With great foresight, Lady Bird Johnson blanketed the nation with wildflowers and her legacy endures.
During her tenure as First Lady from 1963 to 1969, Lady Bird Johnson kept a small sign on her desk in the East Wing that read, “Can Do.” Short and to the point, the phrase captures the essence of Mrs. Johnson and the way she approached her work. Thrust onto the national stage in the wake of Kennedy’s assassination, Lady Bird Johnson did not look the part of a transformational public figure.
Quiet and unassuming, she lacked the mega-watt glamour of her predecessor, Jackie O. and the oratorical ease of her role model, Eleanor Roosevelt. Yet she garnered the tools she had—a keen understanding of politics, shrewd business acumen, a no-nonsense work ethic, and a reputation for grace and hospitality—to forge her own path in the public sphere, becoming one of the most important environmentalists of the twentieth century.
“Mrs. Johnson was as important to the environmental movement in America as anybody else,” insists Susan Rieff, Executive Director of the Lady Bird Johnson Wildflower Center in Austin, Texas. Before “thinking green” was de rigueur and eco-lingo like “sustainable” and “organic” entered the public lexicon, Johnson recognized the urgency of conservation and began to push an ambitious agenda that would literally transform the American landscape.
“Forty years ago,” Rieff notes, “Lady Bird was saying, ‘We’ve got to find a way to harmonize the needs of man with the needs of nature and make it beautiful.’”
Born in the remote section of East Texas in 1912, Claudia Alta Taylor (nicknamed “Lady Bird” by a nanny who thought she was “purdy as a lady bird”) grew up surrounded by nature. She spent much of her childhood alone outside, wandering in the dense forests near her home or rowing the bayous of Lake Caddo.
“My interest in beauty dates way, way back to my girlhood,” Lady Bird said in 1965. “Some of the most memorable hours I’ve ever spent have been in the out-of-doors, communing with nature.”
This love of nature, particularly wildflowers, followed Johnson to Washington, where she advocated for beautification efforts. She organized the First Lady’s Committee for a More Beautiful Capital to improve the physical conditions in Washington. Bringing together garden club socialites and representatives from the city’s poorest sections, Johnson worked to enhance Washington by planting millions of bulbs, cleaning up public parks, and encouraging citizens to simply pick up after themselves. With Washington as her laboratory, she promoted mass plantings and anti-litter campaigns around the country.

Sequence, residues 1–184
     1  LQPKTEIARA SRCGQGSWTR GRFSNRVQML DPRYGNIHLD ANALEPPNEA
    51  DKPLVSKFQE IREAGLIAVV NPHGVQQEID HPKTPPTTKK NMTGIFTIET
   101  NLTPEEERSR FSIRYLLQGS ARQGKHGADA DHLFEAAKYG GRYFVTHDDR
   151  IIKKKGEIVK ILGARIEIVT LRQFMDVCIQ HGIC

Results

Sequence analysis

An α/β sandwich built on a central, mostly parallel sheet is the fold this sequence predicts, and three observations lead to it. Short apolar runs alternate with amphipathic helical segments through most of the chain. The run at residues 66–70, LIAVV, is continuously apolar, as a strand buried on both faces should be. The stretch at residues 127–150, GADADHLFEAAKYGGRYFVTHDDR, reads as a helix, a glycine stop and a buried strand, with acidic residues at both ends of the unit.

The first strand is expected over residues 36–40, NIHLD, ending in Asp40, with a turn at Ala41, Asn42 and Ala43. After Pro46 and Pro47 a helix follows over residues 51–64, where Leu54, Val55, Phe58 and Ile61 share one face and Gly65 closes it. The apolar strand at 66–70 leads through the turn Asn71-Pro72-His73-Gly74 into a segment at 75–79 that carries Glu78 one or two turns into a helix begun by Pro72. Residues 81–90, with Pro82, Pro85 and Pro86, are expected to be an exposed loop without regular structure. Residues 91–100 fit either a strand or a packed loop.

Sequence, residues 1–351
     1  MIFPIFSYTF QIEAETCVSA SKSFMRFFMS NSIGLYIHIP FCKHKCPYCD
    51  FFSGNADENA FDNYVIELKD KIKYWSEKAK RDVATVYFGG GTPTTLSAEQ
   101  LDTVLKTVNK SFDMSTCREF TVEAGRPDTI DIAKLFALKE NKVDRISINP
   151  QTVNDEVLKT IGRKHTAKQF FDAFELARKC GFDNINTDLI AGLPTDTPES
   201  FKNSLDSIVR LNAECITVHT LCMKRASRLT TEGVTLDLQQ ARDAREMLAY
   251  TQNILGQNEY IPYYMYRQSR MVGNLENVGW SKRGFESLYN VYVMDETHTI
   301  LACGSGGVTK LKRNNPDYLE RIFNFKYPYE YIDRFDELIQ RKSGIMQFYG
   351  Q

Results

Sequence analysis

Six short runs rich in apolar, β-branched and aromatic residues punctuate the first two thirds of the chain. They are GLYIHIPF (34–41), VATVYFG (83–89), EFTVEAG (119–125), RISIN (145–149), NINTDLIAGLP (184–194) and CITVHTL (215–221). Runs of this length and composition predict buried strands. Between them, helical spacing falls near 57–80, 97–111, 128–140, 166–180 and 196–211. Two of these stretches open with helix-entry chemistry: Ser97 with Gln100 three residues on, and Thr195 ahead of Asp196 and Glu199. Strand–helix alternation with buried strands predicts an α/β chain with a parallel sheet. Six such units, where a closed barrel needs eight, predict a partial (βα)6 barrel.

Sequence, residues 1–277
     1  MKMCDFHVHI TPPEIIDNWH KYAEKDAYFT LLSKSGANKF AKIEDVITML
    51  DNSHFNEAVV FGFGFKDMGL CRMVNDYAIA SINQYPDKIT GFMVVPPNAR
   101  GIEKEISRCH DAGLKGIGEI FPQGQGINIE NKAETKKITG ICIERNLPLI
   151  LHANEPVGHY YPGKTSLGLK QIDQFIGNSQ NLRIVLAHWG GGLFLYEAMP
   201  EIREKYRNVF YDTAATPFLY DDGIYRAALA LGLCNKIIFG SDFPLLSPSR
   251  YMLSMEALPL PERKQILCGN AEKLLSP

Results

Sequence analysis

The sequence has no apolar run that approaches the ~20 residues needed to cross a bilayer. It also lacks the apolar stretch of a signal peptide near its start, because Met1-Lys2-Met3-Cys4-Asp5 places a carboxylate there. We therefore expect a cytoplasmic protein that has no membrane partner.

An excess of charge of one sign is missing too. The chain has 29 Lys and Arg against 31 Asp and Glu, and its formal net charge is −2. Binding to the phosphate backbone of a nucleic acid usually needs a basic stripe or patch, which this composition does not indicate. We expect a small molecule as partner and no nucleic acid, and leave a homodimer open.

Though Lady Bird’s low-key demeanor stood in stark contrast to her husband’s more bombastic style of realpolitik, she too understood the political game and how to lobby for her cause. She worked tirelessly for passage of the Highway Beautification Act of 1965 (later known as “Lady Bird’s Bill”), which sought to propagate wildflowers along highways, increase the number of roadside parks, and limit billboards. Indeed, more conservation legislation was passed under the Johnson administration than in any previous administration.
Lady Bird’s work only increased when she left the White House for Texas in 1970, culminating in 1982 when she and actress Helen Hayes founded the National Wildflower Research Center in Austin. (A testament to Johnson’s humility, it is said that she recruited Hayes to co-found the Center because she thought it would help to have someone famous on the board.)
Later renamed the Lady Bird Johnson Wildflower Center, it’s an internationally acclaimed hub of horticultural innovation—a showcase, a classroom, and a test kitchen for native plants (that is, any plant occurring naturally in the place where it evolved.) Here, among the Center’s 270 acres of gardens, greenhouses, and meadows, Lady Bird’s legacy feels the most alive.
The gardens host a rotating parade of wildflowers year-round—Texas Bluebonnet, Indian Blanket, and False Foxglove in spring; Wooly Ironweed, Texas Bluebell, and the delightful Mexican Hat (a vibrant red and yellow number that looks like a sombrero) in summer; and Goldenrod, Gay Feather, and Maximilian Sunflower in fall. In total, the Center boasts 650 species of plants native to Texas.
As Lady Bird realized long ago, wildflowers aren’t just pretty to look at; they make economic and environmental sense. Because native plants are inherently well suited to their surroundings, they need less water than non-native ones, demand less fertilizer and pesticide, and provide vital wildlife habitats.
Then there is the profound emotional impact of native plants—the sights and smells that tell us where we are in the world. “Wherever I go in America,” Lady Bird once said, “I like it when the land speaks its own language in its own regional accent. I want Texas to look like Texas, and Vermont to look like Vermont, and every state to look like itself. I just hate to see the land homogenized.”